Back in the spring I visited the Association of BC Forest Professionals meeting, in Kelowna. I had the pleasure of travelling there from Vancouver with Stan Chester, President of the Forest History Association of British Columbia. Over three days I stood in the trade-show area making contact with potential owners of forest history primary sources, with a view to encouraging their donation to local archives.
Conference organizers were inviting and very keen for my presence (or, at least that of the Canadian Forest History Preservation Project!). They were kind enough to include a short blurb about the project in one of their “eBlasts” prior to the meeting, and to my surprise they described the Forest History booth as one of the reasons to attend to conference. This was, in part, because I promised to run an “Antiques Roadshow” service. I was not offering to appraise the financial value of anything. Rather, I wanted to be there to assist their membership in solving historical mysteries (When was this picture taken? Where was it from?…), and telling their own forest histories through the photos, documents, etc, that they may have brought from home, to share with others at the booth.
Many people stopped by the booth with stories to tell, rather than objects to share. Others were attracted to the selection of gorgeous photo reproductions from the Wilmer Gold collection, courtesy of the Kaatza Station Museum and Archives, that Stan and I posted on our booth’s back wall. Still others wanted to browse through the collection of books from Stan’s private library that we scattered on the tables to either side of the display space.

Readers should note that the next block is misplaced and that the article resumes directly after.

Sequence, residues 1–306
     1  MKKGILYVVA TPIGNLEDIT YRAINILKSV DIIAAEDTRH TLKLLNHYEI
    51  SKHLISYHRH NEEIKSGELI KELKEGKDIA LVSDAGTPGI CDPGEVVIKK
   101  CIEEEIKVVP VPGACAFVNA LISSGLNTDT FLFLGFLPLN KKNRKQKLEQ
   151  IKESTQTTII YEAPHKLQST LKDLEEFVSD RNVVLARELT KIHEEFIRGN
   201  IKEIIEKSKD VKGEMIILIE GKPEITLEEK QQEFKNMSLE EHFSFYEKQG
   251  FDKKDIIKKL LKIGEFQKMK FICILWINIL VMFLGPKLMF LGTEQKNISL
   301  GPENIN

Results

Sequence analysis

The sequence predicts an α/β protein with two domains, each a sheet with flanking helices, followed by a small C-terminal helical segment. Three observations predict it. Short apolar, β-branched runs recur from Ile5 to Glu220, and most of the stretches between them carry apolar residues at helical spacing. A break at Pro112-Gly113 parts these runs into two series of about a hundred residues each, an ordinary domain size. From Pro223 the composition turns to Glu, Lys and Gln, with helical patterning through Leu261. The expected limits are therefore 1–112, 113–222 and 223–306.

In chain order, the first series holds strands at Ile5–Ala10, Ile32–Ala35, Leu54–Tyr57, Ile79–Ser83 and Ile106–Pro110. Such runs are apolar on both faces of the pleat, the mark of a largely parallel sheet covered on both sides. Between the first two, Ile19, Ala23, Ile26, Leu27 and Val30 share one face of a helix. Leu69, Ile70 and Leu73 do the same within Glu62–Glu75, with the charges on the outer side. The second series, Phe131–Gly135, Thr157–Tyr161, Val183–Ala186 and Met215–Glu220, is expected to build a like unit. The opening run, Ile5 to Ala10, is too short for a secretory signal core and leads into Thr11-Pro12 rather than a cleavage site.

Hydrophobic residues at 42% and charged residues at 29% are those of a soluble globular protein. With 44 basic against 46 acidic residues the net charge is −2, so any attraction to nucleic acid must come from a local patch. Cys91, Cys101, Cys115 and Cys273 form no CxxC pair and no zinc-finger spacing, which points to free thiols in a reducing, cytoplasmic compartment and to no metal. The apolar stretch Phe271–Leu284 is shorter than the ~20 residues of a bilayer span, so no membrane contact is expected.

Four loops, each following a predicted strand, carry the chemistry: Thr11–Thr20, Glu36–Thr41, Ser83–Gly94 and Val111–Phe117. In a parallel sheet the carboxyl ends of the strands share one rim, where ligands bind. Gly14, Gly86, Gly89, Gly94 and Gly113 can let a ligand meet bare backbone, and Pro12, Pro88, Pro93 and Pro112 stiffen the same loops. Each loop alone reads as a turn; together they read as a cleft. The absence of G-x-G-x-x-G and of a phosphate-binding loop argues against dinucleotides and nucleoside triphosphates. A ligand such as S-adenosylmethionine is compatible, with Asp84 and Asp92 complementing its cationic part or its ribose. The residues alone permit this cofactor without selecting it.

Booth visitor Fred von Westarp, of Powell River, put me in touch with his former employers in Nova Scotia, regarding possible material associated with the now closed Mersey Bowater office. Through correspondence with his former colleagues in Halifax, we learned that all photographs from that unit had already been transferred to the Nova Scotia provincial forestry division. However, this initial contact was still helpful because the Nova Scotia registered professional forester’s association distributed a short blurb about the project on their list-serve.
Of the entire event my most promising lead for future a archival donation came from a significant corporate entity. Since then I have cultivated that relationship. At that time they wrote of this project, “What you provide is an opportunity to let go of valuable information – that has no place/space in current operations – into safe, appreciative hands.” Watch this venue for a future announcement of details on that donation. I will post more news once the papers have been signed.
The Canadian Forest History Preservation project is a collaboration of NiCHE, the Canadian Forest Service, and the Forest History Association of British Columbia. Please help distribute our project brochures (English, and French), and assist us in finding records in danger of loss or destruction.
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